Those two television shows were subsequently linked to the #metoo cultural phenomenon, which exploded alongside the growing list of accused sexual harassers.  

It’s worth noting that the cultural embrace of the sexual harassment issue pre-dated the October, 2017, New York Times Harvey Weinstein expose, which started the still-tumbling chain reaction of allegations and revelations. Handmaid’s Tale, based on a 1980s novel, debuted in April. Kesha’s hit song Praying, about her own well-publicized accusations of abuse, debuted and charted in the top 10 in July. Taylor Swift testified against an alleged groper in August. 

Of course, it’s hard not to consider all of these cultural moments in the context of Donald Trump’s election. Most of them were conceived and largely produced prior to the November 2016 elections—that is, with a black man still President, and expectations for a woman to replace him.  

Still, it’s hard to imagine they would touch the same cords, if not for the emotional backlash against the divisive politics of President Trump. 

Likewise, the movie blockbuster movie Coco was in production for years, and the smash hit song Despacito was written and recorded in 2016. Both probably would have been successful regardless of the political climate, and sources of pride among Hispanic-Americans. But surely not in the same way. 

There is undoubtedly much political in the past year’s trend in identity pop culture.  

Will identity politics similarly sweep women and minorities into office?  

That premise will be tested, by hundreds of candidates nationally—and in Massachusetts by congressional candidate Ayanna Pressley, taking on Michael Capuano, and by several of those running to succeed retiring Niki Tsongas. 

It’s interesting to see Pressley, and others, seeming to openly embrace the identity argument—that having diverse representatives in Congress is a good unto itself, and a valid justification for casting a vote.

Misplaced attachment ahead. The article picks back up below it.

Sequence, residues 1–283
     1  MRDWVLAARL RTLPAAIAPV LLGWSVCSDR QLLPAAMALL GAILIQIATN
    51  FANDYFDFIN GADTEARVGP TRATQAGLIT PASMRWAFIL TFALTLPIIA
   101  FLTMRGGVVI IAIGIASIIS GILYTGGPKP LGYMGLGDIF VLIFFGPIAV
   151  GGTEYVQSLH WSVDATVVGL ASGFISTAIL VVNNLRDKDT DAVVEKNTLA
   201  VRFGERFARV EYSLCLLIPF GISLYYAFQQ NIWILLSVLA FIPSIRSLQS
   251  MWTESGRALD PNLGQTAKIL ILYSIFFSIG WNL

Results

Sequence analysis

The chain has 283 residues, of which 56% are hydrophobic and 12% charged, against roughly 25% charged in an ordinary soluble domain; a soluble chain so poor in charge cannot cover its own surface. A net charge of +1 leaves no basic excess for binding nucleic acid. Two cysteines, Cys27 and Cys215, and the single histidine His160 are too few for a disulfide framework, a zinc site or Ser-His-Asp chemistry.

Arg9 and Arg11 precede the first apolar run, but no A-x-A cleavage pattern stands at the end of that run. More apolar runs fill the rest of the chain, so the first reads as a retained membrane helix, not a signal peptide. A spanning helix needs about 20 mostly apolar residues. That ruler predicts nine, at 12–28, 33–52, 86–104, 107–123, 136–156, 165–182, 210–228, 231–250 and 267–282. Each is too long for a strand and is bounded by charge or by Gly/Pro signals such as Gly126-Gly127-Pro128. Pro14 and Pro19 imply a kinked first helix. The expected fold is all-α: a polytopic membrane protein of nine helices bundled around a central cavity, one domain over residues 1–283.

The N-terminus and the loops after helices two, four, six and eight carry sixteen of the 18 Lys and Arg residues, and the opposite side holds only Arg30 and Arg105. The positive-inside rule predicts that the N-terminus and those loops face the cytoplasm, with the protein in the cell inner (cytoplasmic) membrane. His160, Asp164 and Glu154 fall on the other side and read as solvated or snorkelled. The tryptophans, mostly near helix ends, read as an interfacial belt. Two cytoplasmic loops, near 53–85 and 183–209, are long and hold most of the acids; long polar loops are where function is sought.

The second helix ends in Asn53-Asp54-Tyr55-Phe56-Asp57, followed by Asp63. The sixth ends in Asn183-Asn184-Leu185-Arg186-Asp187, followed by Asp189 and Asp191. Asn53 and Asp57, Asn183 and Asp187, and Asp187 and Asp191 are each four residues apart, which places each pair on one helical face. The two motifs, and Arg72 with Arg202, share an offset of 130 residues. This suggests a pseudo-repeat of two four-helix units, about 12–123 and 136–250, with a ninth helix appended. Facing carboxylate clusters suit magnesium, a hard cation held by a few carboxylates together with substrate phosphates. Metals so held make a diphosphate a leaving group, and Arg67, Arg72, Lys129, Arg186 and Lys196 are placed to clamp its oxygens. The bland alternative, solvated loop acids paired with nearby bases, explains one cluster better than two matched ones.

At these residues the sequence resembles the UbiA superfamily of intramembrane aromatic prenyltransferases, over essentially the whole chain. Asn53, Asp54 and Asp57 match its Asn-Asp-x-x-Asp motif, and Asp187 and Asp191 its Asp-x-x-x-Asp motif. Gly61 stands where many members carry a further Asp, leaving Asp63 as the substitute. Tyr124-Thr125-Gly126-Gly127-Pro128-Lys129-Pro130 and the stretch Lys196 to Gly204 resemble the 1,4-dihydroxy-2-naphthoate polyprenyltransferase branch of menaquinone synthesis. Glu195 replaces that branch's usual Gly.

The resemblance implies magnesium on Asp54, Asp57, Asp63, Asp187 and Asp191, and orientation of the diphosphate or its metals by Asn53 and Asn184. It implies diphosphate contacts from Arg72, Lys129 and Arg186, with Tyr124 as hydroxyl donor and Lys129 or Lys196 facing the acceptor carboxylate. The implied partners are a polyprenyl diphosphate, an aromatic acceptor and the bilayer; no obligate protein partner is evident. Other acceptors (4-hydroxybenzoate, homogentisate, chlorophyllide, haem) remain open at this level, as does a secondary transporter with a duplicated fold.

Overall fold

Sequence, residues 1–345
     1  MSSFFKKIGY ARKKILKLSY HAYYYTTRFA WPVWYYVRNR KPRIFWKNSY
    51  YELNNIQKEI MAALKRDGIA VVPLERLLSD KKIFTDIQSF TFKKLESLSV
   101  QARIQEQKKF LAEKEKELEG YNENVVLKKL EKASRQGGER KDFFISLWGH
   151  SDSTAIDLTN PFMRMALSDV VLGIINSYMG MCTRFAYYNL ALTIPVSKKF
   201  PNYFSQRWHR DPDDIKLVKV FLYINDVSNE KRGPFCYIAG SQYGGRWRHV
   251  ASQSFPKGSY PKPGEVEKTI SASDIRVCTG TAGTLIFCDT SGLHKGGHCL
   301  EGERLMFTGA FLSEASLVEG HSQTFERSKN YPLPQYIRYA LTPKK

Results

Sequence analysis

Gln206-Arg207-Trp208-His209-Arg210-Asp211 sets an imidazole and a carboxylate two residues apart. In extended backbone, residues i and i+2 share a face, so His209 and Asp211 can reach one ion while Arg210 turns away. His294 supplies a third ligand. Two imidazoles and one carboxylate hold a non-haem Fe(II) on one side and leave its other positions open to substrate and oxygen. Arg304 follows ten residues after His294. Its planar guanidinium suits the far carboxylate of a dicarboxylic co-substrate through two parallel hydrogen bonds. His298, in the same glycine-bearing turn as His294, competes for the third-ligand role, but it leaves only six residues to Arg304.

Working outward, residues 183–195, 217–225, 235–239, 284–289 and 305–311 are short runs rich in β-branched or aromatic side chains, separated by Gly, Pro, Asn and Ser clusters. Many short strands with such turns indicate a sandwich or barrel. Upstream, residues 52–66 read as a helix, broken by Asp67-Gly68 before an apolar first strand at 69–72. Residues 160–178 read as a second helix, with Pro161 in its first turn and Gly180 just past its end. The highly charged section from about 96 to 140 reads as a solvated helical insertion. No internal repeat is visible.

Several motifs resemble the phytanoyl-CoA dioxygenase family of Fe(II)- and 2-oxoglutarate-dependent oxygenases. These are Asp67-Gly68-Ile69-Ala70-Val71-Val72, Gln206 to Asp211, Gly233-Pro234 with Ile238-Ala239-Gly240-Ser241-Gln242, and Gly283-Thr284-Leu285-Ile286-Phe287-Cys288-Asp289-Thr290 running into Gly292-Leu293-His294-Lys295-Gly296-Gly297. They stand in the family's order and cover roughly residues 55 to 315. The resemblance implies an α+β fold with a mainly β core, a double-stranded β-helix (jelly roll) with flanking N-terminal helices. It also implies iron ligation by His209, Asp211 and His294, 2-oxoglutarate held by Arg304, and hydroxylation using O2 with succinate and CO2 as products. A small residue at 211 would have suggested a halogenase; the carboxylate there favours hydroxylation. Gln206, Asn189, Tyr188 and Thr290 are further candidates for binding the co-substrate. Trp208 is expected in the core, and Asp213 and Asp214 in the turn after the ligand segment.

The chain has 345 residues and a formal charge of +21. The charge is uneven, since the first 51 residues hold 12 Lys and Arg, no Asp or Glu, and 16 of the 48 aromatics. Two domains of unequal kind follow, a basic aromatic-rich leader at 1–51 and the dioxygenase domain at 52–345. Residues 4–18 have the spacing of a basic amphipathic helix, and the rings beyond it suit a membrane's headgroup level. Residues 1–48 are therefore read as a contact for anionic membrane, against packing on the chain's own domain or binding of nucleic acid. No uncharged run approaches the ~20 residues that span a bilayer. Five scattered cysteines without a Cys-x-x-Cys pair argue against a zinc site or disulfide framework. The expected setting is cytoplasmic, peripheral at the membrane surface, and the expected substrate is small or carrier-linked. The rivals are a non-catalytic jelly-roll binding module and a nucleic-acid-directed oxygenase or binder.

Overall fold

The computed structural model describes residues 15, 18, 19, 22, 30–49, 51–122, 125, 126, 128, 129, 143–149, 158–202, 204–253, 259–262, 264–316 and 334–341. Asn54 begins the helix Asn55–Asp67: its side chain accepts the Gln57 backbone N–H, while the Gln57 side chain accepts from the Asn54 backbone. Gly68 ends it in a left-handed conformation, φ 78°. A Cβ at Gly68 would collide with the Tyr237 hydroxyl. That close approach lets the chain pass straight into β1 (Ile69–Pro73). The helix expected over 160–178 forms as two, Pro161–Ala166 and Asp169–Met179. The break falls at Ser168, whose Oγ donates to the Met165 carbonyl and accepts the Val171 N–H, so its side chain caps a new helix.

Not that the idea is new or novel, mind you: Capuano publicly rejects it as a reason to vote for Pressley, but in 1998 he first punched his ticket to Congress by trawling for Italian-American votes. Identity politics, and identity pop culture, can often be in the eye of the beholder. 

It can also help, in both cases, to have a little star power behind the identity—which Oprah and Ayanna each have, in their own way.  

But most candidates for public office—including those trying to gin up support at the Massachusetts Democratic caucuses—aren’t Oprah, let alone Wonder Woman or Black Panther. 

The Democratic candidates for governor include Setti Warren, a black man, and Jay Gonzalez, a Hispanic man, along with liberal stalwart Bob Massie. They would love to catch a little of that flame surrounding identity culture and politics this year. They haven’t yet. Neither could Tito Jackson, in Boston’s 2017 mayoral campaign. 

To defeat popular Republican Charlie Baker in November—and for identity-based candidates to thrive nationally this year—candidates like Warren and Gonzalez will need to convince people to get unapologetically enthusiastic about politicians of an underrepresented race, gender, or ethnicity. That’s a tougher sell than superheroes.